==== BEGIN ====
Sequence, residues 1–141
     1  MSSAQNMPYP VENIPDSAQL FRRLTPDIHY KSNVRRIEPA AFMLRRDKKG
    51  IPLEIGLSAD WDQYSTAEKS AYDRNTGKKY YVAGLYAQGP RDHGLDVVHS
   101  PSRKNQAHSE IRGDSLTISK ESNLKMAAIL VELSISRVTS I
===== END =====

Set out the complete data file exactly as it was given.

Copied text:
Sequence, residues 1–141
     1  MSSAQNMPYP VENIPDSAQL FRRLTPDIHY KSNVRRIEPA AFMLRRDKKG
    51  IPLEIGLSAD WDQYSTAEKS AYDRNTGKKY YVAGLYAQGP RDHGLDVVHS
   101  PSRKNQAHSE IRGDSLTISK ESNLKMAAIL VELSISRVTS I